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The Palace of Porto Trade Association Headquarters, the Arabian Room
Commercial Association of Porto
Associação Comercial do Porto
Architects: Joaquim da Costa Lima (1840–1860), Gustavo Adolpho Gonçalves e Sousa (1860–1879), Thomaz Augusto Soller (1879–1883), José de Macedo Araújo Júnior (1883–1890), Joel da Silva Pereira (1894–1899) and José Marques da Silva (1889–1910); Painting and sculptures: Luigi Maninin, António Ramalho, António Carneiro, Veloso Salgado, Marques de Oliveira, Soares dos Reis, Eduardo Malta, Teixeira Lopes and Henrique Medina, among others.
During the siege of Porto (1832-33) by Miguelist Army led by absolutist Prince Miguel (1802-66) against the Liberal troops of his brother Prince Pedro (1798-1834), S. Francisco convent was burnt only surviving the church. Porto Trade Association’s headquarters was erected over these ruins. Queen Maria II issued the law concession letter of 19th June 1841 to order the establishment of the Stock Exchange and the Trial Court. The solemn placing of the first stone took place on 6 October 1842.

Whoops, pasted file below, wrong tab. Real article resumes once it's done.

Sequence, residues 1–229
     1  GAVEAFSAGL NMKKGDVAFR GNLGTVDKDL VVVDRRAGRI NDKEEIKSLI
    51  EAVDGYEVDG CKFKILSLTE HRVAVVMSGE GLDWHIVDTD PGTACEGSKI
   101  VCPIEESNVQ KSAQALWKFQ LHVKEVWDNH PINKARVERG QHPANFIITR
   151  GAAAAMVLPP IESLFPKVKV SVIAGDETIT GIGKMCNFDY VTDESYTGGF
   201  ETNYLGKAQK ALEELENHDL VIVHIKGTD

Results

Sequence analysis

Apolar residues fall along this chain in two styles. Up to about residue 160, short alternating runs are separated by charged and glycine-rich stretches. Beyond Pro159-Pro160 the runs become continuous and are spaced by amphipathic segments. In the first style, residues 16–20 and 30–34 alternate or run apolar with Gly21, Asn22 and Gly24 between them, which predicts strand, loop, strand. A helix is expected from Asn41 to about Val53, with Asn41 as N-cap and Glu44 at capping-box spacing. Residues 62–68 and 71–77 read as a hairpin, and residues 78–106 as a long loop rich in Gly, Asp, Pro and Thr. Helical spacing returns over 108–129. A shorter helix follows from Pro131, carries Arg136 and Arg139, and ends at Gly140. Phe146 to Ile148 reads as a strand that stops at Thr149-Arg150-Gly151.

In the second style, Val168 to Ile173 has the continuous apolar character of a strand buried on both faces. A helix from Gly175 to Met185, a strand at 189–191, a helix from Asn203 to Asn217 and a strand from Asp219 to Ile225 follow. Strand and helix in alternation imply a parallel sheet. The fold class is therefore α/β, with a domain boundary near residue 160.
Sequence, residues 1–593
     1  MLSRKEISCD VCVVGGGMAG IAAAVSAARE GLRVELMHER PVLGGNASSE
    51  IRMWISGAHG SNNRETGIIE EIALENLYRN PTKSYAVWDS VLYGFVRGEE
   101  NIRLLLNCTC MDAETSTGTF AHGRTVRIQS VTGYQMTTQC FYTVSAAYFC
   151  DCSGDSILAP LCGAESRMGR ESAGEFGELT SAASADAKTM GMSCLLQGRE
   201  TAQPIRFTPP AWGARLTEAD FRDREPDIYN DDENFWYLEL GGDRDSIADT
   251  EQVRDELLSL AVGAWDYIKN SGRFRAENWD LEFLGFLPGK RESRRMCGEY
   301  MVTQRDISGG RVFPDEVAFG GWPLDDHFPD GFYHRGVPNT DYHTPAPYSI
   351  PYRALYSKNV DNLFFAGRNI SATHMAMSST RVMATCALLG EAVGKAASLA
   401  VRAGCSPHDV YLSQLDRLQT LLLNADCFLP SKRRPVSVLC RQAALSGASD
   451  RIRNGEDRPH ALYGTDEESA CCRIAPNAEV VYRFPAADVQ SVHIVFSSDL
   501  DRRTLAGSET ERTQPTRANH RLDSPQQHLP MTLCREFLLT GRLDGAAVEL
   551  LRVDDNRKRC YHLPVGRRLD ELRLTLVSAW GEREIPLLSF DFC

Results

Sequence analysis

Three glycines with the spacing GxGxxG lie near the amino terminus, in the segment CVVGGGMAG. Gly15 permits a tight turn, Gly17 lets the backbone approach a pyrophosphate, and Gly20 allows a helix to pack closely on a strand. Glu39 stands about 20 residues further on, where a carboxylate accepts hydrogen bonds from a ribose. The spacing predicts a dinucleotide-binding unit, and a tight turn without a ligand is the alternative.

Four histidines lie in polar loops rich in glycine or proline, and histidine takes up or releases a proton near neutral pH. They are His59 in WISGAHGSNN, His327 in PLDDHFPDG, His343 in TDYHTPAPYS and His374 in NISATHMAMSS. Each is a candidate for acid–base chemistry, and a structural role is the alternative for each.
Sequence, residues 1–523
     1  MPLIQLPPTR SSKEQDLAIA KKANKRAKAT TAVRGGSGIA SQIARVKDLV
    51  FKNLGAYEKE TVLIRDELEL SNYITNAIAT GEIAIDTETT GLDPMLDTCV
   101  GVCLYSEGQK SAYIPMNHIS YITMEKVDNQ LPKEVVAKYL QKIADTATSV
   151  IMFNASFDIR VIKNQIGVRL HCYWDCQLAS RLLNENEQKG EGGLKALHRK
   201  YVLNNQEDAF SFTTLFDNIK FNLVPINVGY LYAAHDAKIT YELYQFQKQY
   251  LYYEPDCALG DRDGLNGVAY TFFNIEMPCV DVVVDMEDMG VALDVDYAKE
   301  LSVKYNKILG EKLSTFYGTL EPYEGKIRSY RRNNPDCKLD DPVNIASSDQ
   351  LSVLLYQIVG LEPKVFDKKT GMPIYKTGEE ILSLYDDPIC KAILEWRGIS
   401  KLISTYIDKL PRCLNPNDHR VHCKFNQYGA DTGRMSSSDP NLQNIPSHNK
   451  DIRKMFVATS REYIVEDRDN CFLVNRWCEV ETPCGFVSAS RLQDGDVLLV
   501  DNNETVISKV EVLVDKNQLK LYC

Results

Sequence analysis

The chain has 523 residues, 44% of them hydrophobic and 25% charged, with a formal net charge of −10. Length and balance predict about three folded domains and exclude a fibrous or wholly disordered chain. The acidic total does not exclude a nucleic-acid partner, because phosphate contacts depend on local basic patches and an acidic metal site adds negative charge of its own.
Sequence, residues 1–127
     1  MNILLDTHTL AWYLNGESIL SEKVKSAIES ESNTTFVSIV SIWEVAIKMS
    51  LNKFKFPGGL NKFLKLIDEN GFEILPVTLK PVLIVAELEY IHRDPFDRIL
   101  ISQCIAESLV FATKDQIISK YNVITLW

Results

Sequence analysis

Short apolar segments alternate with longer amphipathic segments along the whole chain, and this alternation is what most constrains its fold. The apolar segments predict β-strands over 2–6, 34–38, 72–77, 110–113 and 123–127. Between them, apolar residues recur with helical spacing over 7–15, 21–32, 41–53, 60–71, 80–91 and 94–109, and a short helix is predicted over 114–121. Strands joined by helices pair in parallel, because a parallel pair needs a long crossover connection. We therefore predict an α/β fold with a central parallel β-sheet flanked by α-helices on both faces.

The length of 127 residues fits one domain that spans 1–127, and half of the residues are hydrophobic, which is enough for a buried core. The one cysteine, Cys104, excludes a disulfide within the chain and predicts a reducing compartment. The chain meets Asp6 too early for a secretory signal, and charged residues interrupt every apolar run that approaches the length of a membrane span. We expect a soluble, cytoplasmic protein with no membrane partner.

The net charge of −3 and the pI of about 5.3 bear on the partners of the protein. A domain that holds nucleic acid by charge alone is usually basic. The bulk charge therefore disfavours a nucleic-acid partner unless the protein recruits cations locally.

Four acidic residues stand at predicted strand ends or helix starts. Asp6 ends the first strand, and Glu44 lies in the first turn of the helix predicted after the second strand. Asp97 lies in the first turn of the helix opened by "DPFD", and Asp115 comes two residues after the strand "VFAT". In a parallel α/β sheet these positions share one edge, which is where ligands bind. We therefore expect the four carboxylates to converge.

The Arabian Room (1862–1880) is considered as the most emblematic of all the Palace’s rooms, embodying the Neo-Moorish art in Portugal. Inspired by the Palace of Alhambra in Granada combines the Arab ornament grammar and the fertile imagination of the engineer/architect, Gustavo Adolpho Gonçalves e Sousa. The Hall of Nations is decorated with the national shield and the coat of arms of the countries with which Portugal had the closest ties of friendship and trade; consolidating the idea that the greatness of a nation, country or region is not a singular effort, but one of union, strength and the cooperation among people of different nations.
"The Palace of Porto Trade Association Headquarters, the Arabian Room" in "Sharing History", Museum With No Frontiers, 2019. http://www.sharinghistory.org/database_item.php?id=monument;AWE;pt;4;en
MWNF Working Number: PT 005
On display in
Sharing History Exhibition(s)Cities And Urban Spaces | The Image Of The City | The Interconnection Of Design Elements Travelling | Visiting And “revisiting” The Orient | Revisiting The Orient In Europe – Orientalist Architecture Fine And Applied Arts | Encountering The East | Orientalist Applied Arts
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